County compiling master roads list, plans to propose new roads ordinance
In Monday’s meeting of the Union County Committee on Public Works, Roads, Bridges, and County Property, the committee members discussed taking in several roads into the county road system. The five they seemed most likely to recommend are Ralph Ridge and Cody Drive in Mt. Vernon, Stone Creek and Inman Drive off Riley Road, and Nicole Drive. Public Works Director Rusty Snider and County Engineer Jerry Brannon stated that while the roads may not necessarily meet the existing road ordinance, they are in better shape than many that have been taken into the system in the past 10 years or so. In the case of Stone Creek and Inman Drive, additional work needs to be done with the property developer to work out the specifics of the subdivision plan. Once the county can obtain right of way, a survey has been conducted, and 6 inches of base installed, it likely can be taken in.
The committee also discussed Post Office Drive in Jonesville, which is in pretty bad condition, but that road is personally owned and commercially used, and in the past, those types of roads have not been included in the county road system. Committee members seemed reluctant to take it in.
Jerry Brannon stated that when he began working with the county in 2010, there was no master road list, and what exists now was created as part of the 911 project to get all the roads named. Brannon presented the committee members with a proposed list, with a number of roads recommended to be removed from the system. Brannon said there are roughly 547 roads, covering roughly 165-175 miles in the county. Most are short, as he noted there may be only 10 or so longer than a mile and a half. The basic criteria for a county road is a road that services two or more properties with two or more property owners and at least two residences. Based on that criteria alone, several roads could be removed from the list. Committee member Ben Ivey said he agreed with that, as he could not justify using taxpayer money to maintain a road for just one resident or property.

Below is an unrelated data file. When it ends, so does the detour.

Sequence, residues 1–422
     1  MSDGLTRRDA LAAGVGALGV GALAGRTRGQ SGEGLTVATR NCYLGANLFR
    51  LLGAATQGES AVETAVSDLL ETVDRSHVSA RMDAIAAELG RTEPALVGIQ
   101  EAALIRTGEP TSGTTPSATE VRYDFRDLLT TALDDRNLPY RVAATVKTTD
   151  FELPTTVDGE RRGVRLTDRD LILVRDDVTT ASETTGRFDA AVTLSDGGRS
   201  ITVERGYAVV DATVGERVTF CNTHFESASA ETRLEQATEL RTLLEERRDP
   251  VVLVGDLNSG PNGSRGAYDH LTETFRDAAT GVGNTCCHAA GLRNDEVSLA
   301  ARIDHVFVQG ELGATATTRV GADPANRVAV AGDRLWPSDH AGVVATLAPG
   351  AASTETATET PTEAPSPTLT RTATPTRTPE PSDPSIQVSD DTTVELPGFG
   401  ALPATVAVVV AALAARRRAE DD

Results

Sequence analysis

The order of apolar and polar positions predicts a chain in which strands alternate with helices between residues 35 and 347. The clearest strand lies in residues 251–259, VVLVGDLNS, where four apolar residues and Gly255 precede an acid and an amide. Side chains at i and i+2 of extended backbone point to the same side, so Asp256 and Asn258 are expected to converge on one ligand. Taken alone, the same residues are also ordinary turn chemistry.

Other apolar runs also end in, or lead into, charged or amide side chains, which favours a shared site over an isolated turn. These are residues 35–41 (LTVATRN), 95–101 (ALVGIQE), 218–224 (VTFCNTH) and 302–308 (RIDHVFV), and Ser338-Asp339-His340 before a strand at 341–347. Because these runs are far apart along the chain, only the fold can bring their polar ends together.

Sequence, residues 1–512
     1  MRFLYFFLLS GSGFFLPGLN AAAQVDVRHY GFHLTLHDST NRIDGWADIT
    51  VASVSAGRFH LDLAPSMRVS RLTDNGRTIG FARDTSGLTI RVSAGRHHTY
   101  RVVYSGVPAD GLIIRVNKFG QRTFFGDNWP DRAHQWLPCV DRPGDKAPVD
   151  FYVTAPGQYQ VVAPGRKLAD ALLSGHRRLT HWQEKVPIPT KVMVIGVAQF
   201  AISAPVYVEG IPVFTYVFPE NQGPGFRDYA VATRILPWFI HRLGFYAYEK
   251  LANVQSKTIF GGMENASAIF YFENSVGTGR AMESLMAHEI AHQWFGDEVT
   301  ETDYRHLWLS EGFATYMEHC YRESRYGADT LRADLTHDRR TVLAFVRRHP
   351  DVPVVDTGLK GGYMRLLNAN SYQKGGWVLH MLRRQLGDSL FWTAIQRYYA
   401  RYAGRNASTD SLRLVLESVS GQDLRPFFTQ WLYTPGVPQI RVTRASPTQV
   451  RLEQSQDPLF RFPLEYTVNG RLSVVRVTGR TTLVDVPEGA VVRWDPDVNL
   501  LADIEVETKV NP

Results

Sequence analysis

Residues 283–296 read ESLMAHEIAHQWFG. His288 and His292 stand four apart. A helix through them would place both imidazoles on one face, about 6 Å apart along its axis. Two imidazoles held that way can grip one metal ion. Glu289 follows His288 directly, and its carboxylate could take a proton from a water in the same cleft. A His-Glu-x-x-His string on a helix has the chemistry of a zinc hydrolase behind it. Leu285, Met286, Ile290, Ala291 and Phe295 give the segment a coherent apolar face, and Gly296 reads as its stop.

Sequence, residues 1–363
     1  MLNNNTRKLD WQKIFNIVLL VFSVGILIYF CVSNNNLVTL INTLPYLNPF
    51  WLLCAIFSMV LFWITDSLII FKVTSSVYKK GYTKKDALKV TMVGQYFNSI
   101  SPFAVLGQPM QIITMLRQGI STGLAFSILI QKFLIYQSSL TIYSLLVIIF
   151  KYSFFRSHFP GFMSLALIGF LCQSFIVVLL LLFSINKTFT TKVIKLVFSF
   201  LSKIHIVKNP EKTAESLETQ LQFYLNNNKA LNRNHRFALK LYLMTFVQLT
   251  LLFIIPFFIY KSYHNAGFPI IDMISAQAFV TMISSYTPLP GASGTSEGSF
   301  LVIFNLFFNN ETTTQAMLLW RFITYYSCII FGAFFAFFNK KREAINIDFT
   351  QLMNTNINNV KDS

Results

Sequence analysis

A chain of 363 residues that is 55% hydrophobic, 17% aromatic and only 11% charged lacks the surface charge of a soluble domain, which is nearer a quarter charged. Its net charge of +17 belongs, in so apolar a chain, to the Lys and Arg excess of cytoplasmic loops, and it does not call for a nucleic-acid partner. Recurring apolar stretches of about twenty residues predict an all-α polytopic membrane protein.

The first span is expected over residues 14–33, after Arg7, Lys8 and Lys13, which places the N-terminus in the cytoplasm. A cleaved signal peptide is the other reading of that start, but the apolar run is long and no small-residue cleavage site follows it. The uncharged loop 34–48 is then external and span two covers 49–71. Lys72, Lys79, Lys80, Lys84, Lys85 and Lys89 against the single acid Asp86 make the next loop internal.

In discussing updating the road ordinance, Brannon said terms such as “private road”, “public road”, and “county-maintained road” need to be clearly defined in it. He said in addition to the property owner and residence requirements, he said right of way needs to be obtained for each county-maintained road. Brannon mentioned having a countywide speed limit ordinance would help in speed enforcement, as it is unfeasible to post speed limit signs on every county road. He said having a 45-mph county road speed limit unless otherwise posted, and a 25-mph limit in neighborhoods, would help. Brannon said he and Snider probably have another 20 hours of work to do before the proposed road ordinance could be submitted to Union County Council and to the attorney for review.
The committee also discussed renovation work needed to county buildings. The former Union Chrysler building, which houses the county shop, voter registration, and IT, is in need of a new roof and wall repairs. The repairs could run close to $300,000 and would force the temporary relocation of the offices within the building. Supervisor Frank Hart said there may be enough bond proceeds to cover the roof repair there. The parking lot at EMS needs probably $34,000 in repair and paving. There may be some landscaping that can be done so that the lot becomes smaller. They also mentioned repairing the lot at the Chrysler building, which could also be made smaller through additional landscaping, depending on the need. The committee will meet again on Monday prior to the next special council meeting, and at that time, they may vote to make some formal recommendations to the full council.